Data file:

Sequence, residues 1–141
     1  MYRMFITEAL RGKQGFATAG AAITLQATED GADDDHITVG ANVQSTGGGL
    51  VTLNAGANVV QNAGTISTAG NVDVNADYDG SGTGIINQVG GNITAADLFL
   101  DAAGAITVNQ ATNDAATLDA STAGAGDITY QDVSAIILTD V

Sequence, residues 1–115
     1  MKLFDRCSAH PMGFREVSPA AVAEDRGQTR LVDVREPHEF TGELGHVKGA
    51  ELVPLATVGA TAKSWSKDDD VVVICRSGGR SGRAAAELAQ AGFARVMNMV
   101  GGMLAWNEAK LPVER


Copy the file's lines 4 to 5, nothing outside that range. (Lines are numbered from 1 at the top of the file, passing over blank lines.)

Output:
   101  DAAGAITVNQ ATNDAATLDA STAGAGDITY QDVSAIILTD V

Sequence, residues 1–115